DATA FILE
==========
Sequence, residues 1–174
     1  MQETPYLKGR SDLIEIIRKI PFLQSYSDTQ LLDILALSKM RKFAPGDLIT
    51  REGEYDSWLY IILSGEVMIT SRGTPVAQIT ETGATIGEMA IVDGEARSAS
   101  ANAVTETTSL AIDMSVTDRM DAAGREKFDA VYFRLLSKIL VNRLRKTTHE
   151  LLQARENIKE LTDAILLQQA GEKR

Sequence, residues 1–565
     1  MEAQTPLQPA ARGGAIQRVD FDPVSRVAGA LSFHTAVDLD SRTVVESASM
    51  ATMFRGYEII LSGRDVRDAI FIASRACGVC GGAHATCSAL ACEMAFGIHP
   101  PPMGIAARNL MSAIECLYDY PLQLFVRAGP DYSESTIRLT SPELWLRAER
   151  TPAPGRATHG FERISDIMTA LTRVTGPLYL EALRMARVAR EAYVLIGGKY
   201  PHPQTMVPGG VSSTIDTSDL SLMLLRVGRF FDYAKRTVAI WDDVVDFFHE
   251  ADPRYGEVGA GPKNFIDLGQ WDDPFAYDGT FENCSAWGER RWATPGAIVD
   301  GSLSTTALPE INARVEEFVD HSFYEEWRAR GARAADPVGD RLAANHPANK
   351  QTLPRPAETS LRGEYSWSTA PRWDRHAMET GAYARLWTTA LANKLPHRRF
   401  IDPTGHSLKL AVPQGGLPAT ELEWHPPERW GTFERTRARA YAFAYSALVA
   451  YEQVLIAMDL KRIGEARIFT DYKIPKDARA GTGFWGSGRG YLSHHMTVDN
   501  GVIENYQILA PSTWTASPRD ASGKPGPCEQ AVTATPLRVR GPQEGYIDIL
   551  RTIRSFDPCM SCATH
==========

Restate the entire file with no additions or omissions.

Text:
Sequence, residues 1–174
     1  MQETPYLKGR SDLIEIIRKI PFLQSYSDTQ LLDILALSKM RKFAPGDLIT
    51  REGEYDSWLY IILSGEVMIT SRGTPVAQIT ETGATIGEMA IVDGEARSAS
   101  ANAVTETTSL AIDMSVTDRM DAAGREKFDA VYFRLLSKIL VNRLRKTTHE
   151  LLQARENIKE LTDAILLQQA GEKR

Sequence, residues 1–565
     1  MEAQTPLQPA ARGGAIQRVD FDPVSRVAGA LSFHTAVDLD SRTVVESASM
    51  ATMFRGYEII LSGRDVRDAI FIASRACGVC GGAHATCSAL ACEMAFGIHP
   101  PPMGIAARNL MSAIECLYDY PLQLFVRAGP DYSESTIRLT SPELWLRAER
   151  TPAPGRATHG FERISDIMTA LTRVTGPLYL EALRMARVAR EAYVLIGGKY
   201  PHPQTMVPGG VSSTIDTSDL SLMLLRVGRF FDYAKRTVAI WDDVVDFFHE
   251  ADPRYGEVGA GPKNFIDLGQ WDDPFAYDGT FENCSAWGER RWATPGAIVD
   301  GSLSTTALPE INARVEEFVD HSFYEEWRAR GARAADPVGD RLAANHPANK
   351  QTLPRPAETS LRGEYSWSTA PRWDRHAMET GAYARLWTTA LANKLPHRRF
   401  IDPTGHSLKL AVPQGGLPAT ELEWHPPERW GTFERTRARA YAFAYSALVA
   451  YEQVLIAMDL KRIGEARIFT DYKIPKDARA GTGFWGSGRG YLSHHMTVDN
   501  GVIENYQILA PSTWTASPRD ASGKPGPCEQ AVTATPLRVR GPQEGYIDIL
   551  RTIRSFDPCM SCATH